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Title:Hydro-meteorological responses to tropical system precipitation in Illinois
Author(s):Changnon, David; Haberlie, Alex
Contributor(s):Northern Illinois University
Subject(s):Water resources center
Water resources center--Illinois
Hydrology and hydraulics
Tropical system precipitation
Illinois watersheds
Geographic Coverage:Illinois (state)
Abstract:This study sought to characterize the impact of tropical system precipitation on streamflow values measured in nine Illinois watersheds and determine whether a predictive model based on antecedent and expected rainfall conditions could be developed. Unlike smaller-scale thunderstorm complexes which are difficult to forecast beyond 24 hours, there is much greater forecast lead time associated with tropical systems. The differences in spatial and temporal scales associated with two types of heavy rain producing storms suggests that hydro-meteorologists have a better opportunity to develop timely regional precipitation and streamflow forecasts as a tropical system approaches Illinois. During a 100-year period (1913-2012) 26 tropical systems were found to have produced an average of an inch or more precipitation within a 24-hour window (i.e., event) in one or more of Illinois’ nine climate divisions. Those climate divisions impacted by an event experienced a significant increase in monthly soil moisture levels as measured by the Palmer Drought Severity Index (PDSI). When pre- versus post-tropical system streamflow (ST) values were compared for the non-event watersheds an increase in ST of less than 50% occurred, while ST changes in watersheds that experienced an event increased by more than 500%. Factors that influenced the magnitude of increase included pre-storm ST conditions (i.e., was ST below, near or above average prior to the event), timing of event (i.e., summer or fall), and total storm precipitation. The predictive ST model, where model output (e.g., post event ST estimates) could be integrated into decision support tools used by those impacted by flooding, was of limited use. Reasons for a lack of success were related to three primary issues, a small sample of events (i.e., 26) in the study, events occurring over a long period (100-years) when changes in land use and agricultural practices altered the surface hydrology (i.e., use of tiles, no-till agriculture, expanding crops in risky environments, etc.), and different surface characteristics (e.g., basin shape and size, soils, geomorphology, etc.) among the nine watersheds. Despite the issues that add complexity to the rainfall to ST relationships over time, those who are tasked with forecasting tropical storm precipitation and related ST values have greater knowledge of how ST values increase and can provide more lead time to regional decision makers in affected watersheds.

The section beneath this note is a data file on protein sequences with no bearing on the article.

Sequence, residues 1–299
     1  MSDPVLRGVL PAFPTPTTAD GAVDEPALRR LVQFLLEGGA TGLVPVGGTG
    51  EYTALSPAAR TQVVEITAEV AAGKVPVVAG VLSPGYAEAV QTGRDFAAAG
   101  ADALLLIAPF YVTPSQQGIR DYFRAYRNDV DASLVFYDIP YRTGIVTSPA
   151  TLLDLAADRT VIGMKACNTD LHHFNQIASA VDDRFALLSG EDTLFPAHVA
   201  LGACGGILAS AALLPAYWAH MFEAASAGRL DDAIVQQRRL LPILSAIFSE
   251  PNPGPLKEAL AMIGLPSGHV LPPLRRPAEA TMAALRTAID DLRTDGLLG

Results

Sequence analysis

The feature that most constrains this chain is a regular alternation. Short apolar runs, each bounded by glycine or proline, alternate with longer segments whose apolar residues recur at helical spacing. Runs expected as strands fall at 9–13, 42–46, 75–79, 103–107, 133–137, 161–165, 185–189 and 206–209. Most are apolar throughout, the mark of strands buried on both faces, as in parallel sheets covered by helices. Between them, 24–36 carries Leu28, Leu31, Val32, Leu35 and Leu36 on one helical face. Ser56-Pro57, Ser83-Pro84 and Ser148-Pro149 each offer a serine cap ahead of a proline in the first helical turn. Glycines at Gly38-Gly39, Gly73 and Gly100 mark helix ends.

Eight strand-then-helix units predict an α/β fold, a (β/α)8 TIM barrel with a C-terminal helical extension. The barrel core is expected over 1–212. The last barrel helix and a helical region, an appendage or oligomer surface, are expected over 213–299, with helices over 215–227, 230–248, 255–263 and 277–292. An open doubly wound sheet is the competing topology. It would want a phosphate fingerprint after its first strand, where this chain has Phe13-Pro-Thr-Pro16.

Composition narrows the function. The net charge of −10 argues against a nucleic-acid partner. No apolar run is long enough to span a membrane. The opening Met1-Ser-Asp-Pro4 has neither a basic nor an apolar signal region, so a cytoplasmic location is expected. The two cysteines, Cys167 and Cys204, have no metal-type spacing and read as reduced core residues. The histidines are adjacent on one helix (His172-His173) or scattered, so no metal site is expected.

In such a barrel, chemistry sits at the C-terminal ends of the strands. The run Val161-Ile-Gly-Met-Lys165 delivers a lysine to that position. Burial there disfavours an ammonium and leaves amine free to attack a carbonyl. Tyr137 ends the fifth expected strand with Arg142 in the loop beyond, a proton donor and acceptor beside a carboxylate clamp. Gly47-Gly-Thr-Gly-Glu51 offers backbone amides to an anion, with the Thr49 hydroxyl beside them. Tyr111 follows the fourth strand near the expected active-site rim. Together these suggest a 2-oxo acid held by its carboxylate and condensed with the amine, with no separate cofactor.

Issue Date:2014-12
Publisher:University of Illinois at Urbana-Champaign. Water Resources Center
Genre:Report (Grant or Annual)
Sponsor:U.S. Department of the Interior
U.S. Geological Survey
Rights Information:Copyright 2014 held by David Changnon, Alex Haberlie
Date Available in IDEALS:2016-05-18

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